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The AAPG/Datapages Combined Publications Database

Indonesian Petroleum Association


Proceedings of an International Conference on Petroleum Systems of SE Asia and Australasia, 1997
Pages 601-629

Thermal History of the Western Indonesian Basins (Sunda-Asri, Northwest Java, and Southwest Java): Evidence from Fission Track Geochronology of Apatite

Hardjo Basuki Soenandar


Apatite fission track data have been obtained from basement beneath the modern forearc basin in the Ciletuh region of SW Java, from the low grade metamorphic to granitic basement beneath the NW Java Basin, and from the Eocene through Pleistocene sedimentary succession contained in the Sunda-Asri basins, the NW Java Basin and the SW Java forearc basin.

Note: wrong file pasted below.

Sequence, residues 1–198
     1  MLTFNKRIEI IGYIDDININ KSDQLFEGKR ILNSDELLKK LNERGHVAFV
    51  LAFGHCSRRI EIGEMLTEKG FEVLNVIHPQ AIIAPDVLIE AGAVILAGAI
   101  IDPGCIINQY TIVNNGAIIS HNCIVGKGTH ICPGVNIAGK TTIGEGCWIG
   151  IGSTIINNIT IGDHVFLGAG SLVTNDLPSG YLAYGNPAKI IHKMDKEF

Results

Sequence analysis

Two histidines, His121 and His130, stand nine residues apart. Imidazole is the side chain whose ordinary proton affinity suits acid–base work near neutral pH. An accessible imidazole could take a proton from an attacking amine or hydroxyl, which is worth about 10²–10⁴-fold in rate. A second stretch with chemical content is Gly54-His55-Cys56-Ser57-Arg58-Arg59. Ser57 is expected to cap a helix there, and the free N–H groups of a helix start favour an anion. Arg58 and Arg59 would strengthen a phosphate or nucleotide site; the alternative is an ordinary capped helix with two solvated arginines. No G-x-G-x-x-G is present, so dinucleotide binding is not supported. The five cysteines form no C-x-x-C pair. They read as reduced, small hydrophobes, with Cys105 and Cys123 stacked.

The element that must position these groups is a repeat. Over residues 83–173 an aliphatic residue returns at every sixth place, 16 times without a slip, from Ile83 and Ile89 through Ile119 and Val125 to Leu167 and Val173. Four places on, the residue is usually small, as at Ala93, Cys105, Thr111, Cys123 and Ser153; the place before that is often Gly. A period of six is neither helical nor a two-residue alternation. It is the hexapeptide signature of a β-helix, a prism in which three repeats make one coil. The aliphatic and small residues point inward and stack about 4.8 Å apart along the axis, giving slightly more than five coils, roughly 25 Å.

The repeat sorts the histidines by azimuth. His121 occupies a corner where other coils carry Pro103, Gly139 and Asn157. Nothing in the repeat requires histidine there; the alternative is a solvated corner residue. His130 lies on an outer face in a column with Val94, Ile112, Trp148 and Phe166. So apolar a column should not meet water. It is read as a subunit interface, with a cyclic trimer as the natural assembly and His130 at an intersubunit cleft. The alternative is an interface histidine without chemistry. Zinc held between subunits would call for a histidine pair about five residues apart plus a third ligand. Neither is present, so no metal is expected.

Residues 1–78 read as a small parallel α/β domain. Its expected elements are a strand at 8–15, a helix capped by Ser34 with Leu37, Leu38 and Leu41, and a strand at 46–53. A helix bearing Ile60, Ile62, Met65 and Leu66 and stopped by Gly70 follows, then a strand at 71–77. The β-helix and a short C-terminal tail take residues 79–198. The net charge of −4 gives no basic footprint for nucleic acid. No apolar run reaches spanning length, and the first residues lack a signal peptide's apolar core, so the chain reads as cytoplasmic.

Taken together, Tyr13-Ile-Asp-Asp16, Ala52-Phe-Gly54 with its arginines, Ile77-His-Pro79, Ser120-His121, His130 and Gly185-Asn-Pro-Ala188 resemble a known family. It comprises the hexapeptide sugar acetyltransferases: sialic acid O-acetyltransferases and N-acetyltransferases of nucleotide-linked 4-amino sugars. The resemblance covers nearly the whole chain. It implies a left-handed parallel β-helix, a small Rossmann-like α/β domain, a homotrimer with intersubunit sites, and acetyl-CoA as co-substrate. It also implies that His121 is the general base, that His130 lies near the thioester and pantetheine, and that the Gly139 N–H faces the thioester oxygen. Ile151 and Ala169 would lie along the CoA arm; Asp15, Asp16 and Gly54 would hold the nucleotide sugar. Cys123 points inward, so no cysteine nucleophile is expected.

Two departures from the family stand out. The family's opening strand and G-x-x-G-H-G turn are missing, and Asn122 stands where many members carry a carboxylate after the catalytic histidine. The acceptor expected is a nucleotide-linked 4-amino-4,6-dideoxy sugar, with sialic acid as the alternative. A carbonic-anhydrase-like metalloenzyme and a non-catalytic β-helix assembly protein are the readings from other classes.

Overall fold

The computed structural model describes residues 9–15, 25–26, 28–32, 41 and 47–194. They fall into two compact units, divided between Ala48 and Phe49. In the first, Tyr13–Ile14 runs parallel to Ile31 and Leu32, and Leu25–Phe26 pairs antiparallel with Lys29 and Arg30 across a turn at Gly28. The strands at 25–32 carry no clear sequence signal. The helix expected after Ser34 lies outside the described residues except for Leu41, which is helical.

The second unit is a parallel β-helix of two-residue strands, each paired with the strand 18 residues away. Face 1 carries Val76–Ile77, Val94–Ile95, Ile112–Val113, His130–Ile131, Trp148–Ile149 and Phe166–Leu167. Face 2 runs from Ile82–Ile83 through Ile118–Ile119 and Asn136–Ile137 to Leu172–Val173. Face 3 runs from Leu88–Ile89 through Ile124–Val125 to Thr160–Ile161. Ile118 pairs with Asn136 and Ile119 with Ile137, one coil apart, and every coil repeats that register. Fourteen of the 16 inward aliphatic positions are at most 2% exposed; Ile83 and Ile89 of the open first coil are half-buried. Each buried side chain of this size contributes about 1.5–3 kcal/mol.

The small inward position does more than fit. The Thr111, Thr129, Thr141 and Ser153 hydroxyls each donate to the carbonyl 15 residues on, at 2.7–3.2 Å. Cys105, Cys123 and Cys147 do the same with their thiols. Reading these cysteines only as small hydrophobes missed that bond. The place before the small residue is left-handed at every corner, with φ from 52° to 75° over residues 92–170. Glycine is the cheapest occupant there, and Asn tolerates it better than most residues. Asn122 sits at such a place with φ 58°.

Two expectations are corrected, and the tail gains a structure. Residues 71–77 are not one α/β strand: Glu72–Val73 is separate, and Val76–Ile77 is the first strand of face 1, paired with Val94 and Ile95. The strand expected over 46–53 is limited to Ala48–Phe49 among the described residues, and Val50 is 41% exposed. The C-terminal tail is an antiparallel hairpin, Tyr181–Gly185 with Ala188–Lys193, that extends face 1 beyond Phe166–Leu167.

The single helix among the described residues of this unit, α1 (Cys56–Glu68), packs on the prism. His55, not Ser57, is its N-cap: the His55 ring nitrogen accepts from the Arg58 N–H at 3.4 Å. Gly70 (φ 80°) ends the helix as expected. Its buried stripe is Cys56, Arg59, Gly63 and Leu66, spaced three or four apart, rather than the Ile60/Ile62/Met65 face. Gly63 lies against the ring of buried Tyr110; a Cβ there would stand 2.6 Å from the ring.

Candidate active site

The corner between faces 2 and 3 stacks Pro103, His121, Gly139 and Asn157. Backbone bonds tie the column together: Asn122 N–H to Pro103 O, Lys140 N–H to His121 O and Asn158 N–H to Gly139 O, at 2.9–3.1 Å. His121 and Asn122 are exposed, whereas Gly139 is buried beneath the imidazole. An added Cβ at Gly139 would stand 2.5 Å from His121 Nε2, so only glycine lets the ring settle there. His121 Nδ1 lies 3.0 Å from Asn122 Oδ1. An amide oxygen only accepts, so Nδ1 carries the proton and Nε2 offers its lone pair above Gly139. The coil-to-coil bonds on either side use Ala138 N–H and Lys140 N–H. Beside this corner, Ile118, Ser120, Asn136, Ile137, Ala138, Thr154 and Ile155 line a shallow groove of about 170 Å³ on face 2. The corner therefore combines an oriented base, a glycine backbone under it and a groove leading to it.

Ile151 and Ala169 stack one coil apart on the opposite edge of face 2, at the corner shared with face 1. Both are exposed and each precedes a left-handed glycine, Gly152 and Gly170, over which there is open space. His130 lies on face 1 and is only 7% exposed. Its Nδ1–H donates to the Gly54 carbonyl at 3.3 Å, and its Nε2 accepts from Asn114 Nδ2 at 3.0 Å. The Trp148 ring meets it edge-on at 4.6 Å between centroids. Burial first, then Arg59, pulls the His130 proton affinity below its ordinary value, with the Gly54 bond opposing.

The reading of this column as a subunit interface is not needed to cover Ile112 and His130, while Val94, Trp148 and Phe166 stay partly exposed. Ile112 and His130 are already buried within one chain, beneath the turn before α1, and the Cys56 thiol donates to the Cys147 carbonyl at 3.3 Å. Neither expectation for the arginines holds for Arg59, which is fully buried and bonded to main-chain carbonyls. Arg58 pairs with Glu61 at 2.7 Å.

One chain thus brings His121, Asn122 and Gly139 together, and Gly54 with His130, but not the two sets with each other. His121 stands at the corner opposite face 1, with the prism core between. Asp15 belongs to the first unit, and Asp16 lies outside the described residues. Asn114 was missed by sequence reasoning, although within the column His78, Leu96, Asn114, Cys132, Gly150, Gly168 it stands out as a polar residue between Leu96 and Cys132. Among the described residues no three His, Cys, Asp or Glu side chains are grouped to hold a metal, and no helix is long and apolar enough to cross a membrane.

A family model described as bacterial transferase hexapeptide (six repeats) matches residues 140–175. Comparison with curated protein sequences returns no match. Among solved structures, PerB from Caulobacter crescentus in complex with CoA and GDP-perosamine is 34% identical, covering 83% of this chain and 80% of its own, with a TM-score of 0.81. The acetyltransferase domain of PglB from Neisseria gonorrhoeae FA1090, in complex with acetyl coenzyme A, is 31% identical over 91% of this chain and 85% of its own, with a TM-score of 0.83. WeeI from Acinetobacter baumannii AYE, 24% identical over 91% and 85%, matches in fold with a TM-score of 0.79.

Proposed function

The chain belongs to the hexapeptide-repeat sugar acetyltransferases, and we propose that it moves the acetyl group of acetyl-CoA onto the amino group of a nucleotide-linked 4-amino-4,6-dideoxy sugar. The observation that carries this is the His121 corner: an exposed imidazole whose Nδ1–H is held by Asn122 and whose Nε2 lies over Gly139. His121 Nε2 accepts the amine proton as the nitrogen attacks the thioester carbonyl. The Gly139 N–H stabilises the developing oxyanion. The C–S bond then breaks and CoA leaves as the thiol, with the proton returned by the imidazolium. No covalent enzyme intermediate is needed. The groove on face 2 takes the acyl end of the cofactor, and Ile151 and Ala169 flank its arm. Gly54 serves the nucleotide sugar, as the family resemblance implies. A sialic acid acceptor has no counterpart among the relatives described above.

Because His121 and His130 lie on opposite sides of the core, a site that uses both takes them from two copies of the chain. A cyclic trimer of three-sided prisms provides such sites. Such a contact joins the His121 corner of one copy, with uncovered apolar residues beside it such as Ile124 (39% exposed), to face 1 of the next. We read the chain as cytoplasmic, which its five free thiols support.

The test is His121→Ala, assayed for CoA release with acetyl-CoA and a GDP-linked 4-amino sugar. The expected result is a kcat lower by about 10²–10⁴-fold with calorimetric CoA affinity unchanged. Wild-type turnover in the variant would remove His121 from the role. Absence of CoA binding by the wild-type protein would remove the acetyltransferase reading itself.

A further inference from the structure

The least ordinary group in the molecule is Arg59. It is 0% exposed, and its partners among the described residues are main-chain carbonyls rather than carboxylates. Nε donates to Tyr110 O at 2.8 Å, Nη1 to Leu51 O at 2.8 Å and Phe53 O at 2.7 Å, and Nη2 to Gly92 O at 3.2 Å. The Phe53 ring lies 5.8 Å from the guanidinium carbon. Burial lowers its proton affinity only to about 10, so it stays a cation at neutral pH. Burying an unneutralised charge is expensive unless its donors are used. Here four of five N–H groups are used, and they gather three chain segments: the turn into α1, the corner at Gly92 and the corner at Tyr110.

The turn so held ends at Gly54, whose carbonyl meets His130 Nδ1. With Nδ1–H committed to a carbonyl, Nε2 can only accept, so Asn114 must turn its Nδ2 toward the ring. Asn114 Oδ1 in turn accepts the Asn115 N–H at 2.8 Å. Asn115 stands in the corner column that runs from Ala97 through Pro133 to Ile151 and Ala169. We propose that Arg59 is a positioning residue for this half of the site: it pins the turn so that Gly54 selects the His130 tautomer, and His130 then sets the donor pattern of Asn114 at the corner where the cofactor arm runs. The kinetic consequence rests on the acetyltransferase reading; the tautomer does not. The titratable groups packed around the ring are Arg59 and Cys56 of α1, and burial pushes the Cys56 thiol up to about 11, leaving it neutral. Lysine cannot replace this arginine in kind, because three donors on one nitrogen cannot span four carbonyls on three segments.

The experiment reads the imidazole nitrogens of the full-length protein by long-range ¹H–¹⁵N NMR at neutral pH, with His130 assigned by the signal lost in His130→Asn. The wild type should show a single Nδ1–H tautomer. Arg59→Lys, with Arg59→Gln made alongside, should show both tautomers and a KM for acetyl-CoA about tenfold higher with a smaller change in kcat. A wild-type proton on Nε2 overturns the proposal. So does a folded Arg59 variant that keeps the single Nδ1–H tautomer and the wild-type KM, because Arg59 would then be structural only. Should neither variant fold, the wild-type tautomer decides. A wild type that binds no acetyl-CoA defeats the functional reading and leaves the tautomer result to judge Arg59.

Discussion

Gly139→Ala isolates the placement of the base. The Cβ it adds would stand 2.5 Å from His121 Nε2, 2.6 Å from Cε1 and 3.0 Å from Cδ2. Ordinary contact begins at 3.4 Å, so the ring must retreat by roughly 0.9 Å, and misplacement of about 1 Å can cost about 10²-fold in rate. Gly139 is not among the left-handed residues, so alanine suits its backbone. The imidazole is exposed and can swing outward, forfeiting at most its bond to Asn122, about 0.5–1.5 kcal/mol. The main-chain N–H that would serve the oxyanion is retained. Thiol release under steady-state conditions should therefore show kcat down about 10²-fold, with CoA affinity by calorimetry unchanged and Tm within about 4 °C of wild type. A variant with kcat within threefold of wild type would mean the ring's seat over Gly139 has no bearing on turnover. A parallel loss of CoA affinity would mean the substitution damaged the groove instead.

Apatite fission track (FT) data from a total of 11 wells (four from offshore wells in the Sunda-Asri and seven onshore wells in the Northwest Java basins) show the usual pattern with increasing depth downhole of apparent age decreasing downward, eventually crossing over the stratigraphic age at the age range and temperature between 23 ± 7 My and 89 °C to 75 ± 31 My and 135 °C. Geohistory analysis indicates that in all of the wells there has been less than 500 m of burial of the lowermost parts of the wells during the past 10 My, and therefore the FT parameters are not out of equilibrium due to recent and rapid burial. Forward modelling of horizons for which fission tracks have been severely annealed indicates rapid increase in the geothermal gradient from 12 to 20 °C/km in the Sunda-Asri basin and 15 to 25 °C in the Northwest Java Basin since Plio-Pleistocene time. The probable origin of this increase in heat flow was associated with formation of the Neogene volcanic belt. The Ciletuh-Cimandiri region of SW Java, on the other hand, is structurally unusual in that the Eocene-Miocene sedimentary succession has been inverted, and basement exposed at the surface. Qualitative interpretation of the FT data in relation to the depositional ages of the sample horizons suggest that the sediments were heated to maximum temperatures in the range 70° – 95°C. Forward modelling implies 90° ± 10°C of cooling during the late Miocene-early Pliocene. This corresponds to about 3 km of inversion where the basement is exposed.

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